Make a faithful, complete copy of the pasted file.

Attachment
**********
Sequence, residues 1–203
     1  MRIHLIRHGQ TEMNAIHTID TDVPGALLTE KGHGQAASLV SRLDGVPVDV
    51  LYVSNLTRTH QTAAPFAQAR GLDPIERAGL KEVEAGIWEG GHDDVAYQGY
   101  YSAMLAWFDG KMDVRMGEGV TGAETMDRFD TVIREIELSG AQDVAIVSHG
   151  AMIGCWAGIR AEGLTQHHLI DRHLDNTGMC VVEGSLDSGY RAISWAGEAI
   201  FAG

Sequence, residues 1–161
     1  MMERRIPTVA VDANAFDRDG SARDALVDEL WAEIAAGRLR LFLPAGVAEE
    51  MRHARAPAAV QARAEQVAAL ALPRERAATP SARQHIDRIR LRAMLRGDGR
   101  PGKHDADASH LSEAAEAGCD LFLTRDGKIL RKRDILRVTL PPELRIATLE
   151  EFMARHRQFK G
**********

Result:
Sequence, residues 1–203
     1  MRIHLIRHGQ TEMNAIHTID TDVPGALLTE KGHGQAASLV SRLDGVPVDV
    51  LYVSNLTRTH QTAAPFAQAR GLDPIERAGL KEVEAGIWEG GHDDVAYQGY
   101  YSAMLAWFDG KMDVRMGEGV TGAETMDRFD TVIREIELSG AQDVAIVSHG
   151  AMIGCWAGIR AEGLTQHHLI DRHLDNTGMC VVEGSLDSGY RAISWAGEAI
   201  FAG

Sequence, residues 1–161
     1  MMERRIPTVA VDANAFDRDG SARDALVDEL WAEIAAGRLR LFLPAGVAEE
    51  MRHARAPAAV QARAEQVAAL ALPRERAATP SARQHIDRIR LRAMLRGDGR
   101  PGKHDADASH LSEAAEAGCD LFLTRDGKIL RKRDILRVTL PPELRIATLE
   151  EFMARHRQFK G